• Central banks around the world are examining the possibility of issuing digital currency and/or using distributed technologies in the payment systems, but no advanced economy has yet issued digital currency for broad use. The Bank of Israel has also established a team to study the issue.
  • The team does not recommend that the Bank of Israel issue digital currency in the near future.  It is necessary to continue examining the field and to follow developments around the world before there are proper grounds for a decision to recommend issuing digital currency.
  • The team will continue working to study and monitor the issue, and will report to the Bank of Israel’s management semi-annually about its activity and about significant developments in the field.


The Bank of Israel today published a summary of the work of the interdepartmental team established by the Governor, Dr. Karnit Flug, in November 2017 to examine the issue of central bank digital currencies (CBDC).  The objective of the publication is to bring the work done at the Bank of Israel to the public’s attention, and to enable public discussion.


Many central banks around the world are examining the possibility of issuing digital currency and/or using distributed technology in payment systems.  However, no central bank in an advanced economy has yet issued digital currency for broad use.  A few central banks in developed countries are in advanced stages of examining the feasibility of issuing digital currency.  In contrast, there are others that have announced that they are not planning to issue digital currency in the near future, because the payment systems in their countries are efficient and provide good alternatives.


The team’s work shows that there is currently no uniform specification for central bank digital currencies.  Its accessibility (to the entire public or only to financial institutions), the method of issuance (balanced-based or token-based), the extent of anonymity in its use, and whether it will bear interest, can all be determined.  The document being published presents the advantages, disadvantages and risks inherent in the various options.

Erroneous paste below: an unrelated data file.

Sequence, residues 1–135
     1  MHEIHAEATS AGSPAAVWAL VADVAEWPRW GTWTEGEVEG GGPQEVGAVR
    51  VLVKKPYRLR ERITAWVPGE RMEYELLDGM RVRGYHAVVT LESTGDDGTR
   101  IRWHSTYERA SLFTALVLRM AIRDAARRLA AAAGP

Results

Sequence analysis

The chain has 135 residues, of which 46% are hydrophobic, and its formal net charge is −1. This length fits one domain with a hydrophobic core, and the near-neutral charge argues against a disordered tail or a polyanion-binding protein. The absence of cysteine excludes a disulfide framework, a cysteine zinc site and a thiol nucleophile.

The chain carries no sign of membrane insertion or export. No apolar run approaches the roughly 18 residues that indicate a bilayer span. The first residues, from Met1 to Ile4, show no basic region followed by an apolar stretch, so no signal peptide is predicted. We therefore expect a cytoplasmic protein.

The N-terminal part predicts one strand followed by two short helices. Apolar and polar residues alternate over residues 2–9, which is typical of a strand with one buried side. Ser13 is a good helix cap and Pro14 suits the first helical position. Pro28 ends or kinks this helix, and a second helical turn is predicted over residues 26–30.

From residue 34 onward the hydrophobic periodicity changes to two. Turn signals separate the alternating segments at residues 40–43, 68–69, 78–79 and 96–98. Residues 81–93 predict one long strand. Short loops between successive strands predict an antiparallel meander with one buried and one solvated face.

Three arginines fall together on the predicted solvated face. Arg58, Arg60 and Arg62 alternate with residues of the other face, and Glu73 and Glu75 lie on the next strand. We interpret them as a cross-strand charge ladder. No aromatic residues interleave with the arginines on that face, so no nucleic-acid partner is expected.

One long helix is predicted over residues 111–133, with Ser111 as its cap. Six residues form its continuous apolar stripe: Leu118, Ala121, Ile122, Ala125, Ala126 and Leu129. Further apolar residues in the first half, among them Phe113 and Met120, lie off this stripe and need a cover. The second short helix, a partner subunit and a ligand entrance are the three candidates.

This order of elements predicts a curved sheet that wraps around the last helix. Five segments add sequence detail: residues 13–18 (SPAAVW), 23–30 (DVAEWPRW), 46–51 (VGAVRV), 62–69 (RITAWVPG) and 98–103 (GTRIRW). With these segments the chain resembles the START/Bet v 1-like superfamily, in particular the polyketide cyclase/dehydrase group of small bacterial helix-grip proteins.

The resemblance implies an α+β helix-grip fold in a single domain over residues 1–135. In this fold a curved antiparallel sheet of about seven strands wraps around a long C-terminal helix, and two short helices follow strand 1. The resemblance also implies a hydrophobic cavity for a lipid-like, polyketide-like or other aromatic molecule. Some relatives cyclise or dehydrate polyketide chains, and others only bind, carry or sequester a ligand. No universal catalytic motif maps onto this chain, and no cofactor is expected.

The document presents the main objectives that issuing CBDC may have.  One of those objectives is maintaining the public’s access to the central bank’s liability, in the event that the use of cash declines significantly as is happening in Sweden.  However, this issue is not relevant to Israel at this time.  Another motivation for issuing an e-shekel may be to support the payments system (including improved redundancy) and make payments more efficient. Under certain specifications, and particularly if it bears interest, the e-shekel can be an additional monetary tool, but that is not a main objective of issuing it.


Other benefits that may derive from issuing an e-shekel are that it may help to combat the unreported economy, it can be adapted to an advanced technological environment, it can help advance the fintech sector in Israel, and more.  Adaptation to potential advances in this field in other countries is also an important consideration.


There are expected to be quite a few material and technological difficulties and risks in the issuance of CBDC, which mainly concern the potential impact on the financial system.  In addition, it is expected that the issuance of CBDC will have an impact on the central bank as it issues and manages cash and conducts monetary policy, and on the payments system. 


The team that was established will continue to study the issue.  In particular, the team will continue to follow developments around the world, and particularly at other central banks, as well as relevant technological developments both in Israel and abroad.